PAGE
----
Morgan Stanley Fires Two 50-plus Year Brokers in Boston
It’s been a tough few months at the Exchange Place branch of Morgan Stanley in Boston, where the firm has fired a pair of brokers with 100 years of experience after two younger members of their seven-person team were barred from the industry.
The senior brokers—James R. “Bob” Willing and John H. Buck III—were discharged on January 29 over “allegations about the timing and completeness of disclosures to the firm regarding involvement in private investments outside the firm,” according to their BrokerCheck histories.
Their younger colleagues, James Polese and Cornelius “Cory” Peterson, earlier in January agreed to plead guilty to fraud for stealing $500,000 from a client and making unauthorized investments in a wind farm business. The pair were dismissed by Morgan Stanley last June.
Reached at home, Willing said his and Buck’s dismissals were unrelated to those of Polese and Peterson, but declined to comment on the allegations against him or whether he would challenge them. Willing and Buck have been colleagues since joining Hornblower Weeks in 1965.
But sources said the scandal engulfing the younger brokers drew headlines in local papers and likely prompted Morgan Stanley to take a closer look at the entire team.
“They were discharged after an internal review related to potential violations of the firm’s policies, including policies related to outside activities,” a Morgan Stanley spokeswoman said in an emailed statement about Willing and Buck.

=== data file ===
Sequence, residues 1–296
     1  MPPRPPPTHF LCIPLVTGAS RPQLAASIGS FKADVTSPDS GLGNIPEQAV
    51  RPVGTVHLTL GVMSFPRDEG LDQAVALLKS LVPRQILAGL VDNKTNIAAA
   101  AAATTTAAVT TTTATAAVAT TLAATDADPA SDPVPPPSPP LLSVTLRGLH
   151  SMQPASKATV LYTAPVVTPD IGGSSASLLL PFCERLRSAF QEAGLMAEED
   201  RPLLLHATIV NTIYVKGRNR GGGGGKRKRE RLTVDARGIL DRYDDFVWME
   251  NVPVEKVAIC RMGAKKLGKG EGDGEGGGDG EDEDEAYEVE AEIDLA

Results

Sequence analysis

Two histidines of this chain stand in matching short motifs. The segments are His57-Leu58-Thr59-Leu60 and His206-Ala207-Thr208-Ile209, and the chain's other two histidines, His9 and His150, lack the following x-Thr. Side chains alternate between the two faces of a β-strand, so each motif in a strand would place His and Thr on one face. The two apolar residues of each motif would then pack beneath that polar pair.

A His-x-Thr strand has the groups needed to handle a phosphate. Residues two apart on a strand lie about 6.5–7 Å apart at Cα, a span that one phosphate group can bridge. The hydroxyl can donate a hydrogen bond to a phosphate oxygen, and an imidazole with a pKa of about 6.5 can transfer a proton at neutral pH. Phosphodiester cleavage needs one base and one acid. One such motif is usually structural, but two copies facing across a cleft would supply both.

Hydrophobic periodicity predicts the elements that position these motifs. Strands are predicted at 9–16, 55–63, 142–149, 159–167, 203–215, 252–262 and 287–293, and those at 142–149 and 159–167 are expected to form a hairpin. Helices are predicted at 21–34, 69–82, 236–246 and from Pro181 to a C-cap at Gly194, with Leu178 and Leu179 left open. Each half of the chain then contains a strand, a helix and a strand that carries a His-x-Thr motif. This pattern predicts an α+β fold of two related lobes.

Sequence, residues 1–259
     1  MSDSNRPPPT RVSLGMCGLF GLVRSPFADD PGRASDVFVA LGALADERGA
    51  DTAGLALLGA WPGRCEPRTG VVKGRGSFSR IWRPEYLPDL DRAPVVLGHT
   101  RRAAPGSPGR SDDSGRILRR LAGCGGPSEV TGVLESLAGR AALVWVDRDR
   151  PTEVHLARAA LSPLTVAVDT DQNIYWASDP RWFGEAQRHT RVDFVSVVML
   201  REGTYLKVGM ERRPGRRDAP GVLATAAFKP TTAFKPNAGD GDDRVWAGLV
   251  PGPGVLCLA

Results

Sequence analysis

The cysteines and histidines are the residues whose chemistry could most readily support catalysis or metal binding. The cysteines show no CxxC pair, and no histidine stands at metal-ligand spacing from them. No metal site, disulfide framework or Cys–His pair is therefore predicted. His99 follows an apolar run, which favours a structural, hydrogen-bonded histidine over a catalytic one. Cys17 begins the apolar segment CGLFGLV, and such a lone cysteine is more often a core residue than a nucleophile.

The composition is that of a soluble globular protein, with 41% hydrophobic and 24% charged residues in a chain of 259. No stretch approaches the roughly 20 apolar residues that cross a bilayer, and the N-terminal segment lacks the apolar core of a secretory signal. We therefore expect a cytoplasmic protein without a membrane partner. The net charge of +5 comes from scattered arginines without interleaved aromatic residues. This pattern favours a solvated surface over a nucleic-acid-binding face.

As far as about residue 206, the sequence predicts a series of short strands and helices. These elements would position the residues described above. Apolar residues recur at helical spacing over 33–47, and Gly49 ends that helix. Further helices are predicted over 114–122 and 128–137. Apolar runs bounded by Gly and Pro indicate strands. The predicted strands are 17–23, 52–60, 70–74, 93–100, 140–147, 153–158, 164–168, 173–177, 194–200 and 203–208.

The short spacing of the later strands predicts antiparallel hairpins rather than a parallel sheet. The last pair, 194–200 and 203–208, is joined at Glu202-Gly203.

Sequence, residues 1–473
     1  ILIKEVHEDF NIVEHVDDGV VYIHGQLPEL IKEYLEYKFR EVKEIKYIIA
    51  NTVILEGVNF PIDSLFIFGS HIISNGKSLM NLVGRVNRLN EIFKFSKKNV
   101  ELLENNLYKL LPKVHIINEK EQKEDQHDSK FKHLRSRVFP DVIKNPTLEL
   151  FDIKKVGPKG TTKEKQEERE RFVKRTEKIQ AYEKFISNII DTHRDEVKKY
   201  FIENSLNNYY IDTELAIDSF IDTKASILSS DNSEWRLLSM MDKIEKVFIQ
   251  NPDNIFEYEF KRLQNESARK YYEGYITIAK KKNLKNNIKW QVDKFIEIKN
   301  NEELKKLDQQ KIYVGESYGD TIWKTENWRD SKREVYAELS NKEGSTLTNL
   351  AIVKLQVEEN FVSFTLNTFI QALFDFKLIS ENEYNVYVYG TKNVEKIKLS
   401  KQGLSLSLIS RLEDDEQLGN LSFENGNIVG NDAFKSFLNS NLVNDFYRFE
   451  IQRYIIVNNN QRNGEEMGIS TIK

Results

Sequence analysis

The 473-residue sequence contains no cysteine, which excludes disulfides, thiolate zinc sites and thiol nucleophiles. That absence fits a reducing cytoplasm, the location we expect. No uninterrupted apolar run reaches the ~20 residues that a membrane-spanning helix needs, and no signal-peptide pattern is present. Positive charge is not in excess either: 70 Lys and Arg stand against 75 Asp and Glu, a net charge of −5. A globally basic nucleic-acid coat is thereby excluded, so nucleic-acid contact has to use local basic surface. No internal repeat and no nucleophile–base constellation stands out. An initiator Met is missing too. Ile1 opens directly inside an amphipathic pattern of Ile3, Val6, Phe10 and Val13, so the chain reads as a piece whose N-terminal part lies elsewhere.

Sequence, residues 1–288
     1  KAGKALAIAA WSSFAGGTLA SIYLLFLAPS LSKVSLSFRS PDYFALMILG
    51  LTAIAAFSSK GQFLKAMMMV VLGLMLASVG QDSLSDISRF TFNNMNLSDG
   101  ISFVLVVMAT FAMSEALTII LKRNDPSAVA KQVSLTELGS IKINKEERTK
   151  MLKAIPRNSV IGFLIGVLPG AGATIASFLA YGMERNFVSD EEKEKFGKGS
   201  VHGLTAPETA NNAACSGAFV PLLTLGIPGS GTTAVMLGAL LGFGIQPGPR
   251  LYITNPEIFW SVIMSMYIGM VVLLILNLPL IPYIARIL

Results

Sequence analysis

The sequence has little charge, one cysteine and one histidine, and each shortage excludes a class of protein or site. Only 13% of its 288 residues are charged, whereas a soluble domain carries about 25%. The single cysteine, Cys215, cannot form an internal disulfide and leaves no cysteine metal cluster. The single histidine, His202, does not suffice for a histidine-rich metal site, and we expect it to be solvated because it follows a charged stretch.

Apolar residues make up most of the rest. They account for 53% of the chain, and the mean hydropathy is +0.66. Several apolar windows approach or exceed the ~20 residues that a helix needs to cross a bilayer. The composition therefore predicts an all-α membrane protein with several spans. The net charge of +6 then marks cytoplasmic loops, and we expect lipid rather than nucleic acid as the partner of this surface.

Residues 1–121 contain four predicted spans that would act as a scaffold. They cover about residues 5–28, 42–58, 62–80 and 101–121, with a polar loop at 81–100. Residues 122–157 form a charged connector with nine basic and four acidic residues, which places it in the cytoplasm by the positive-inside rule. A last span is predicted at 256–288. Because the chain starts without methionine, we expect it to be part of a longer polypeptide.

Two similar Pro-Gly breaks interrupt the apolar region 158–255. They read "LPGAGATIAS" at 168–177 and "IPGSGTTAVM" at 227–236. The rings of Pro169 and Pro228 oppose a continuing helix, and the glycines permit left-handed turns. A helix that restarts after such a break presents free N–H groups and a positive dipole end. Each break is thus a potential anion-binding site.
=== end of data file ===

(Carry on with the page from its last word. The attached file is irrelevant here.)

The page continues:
Buck could not be reached for comment.
Polese’s career tracked those of the senior advisors as the three moved from Prudential Securities and successor Wachovia Securities to UBS in 2004. They joined Morgan Stanley in 2011, while Peterson arrived at the firm in 2012 at the start of his brokerage career.
Willing’s BrokerCheck report lists nine outside activities, including serving as a director of a biotechnology consulting company and of several other local businesses. Buck’s report identifies a single outside investment at a venture fund called Gemini Partners, where he has been an investor since 1995.
The Willing Group website is still live, but lists only one advisor, senior vice president Sarah Porter, and two associates.
The Financial Industry Regulatory Authority in recent years has cracked down on violations of its outside business and private securities transactions rules. It recently proposed revisions to the rules.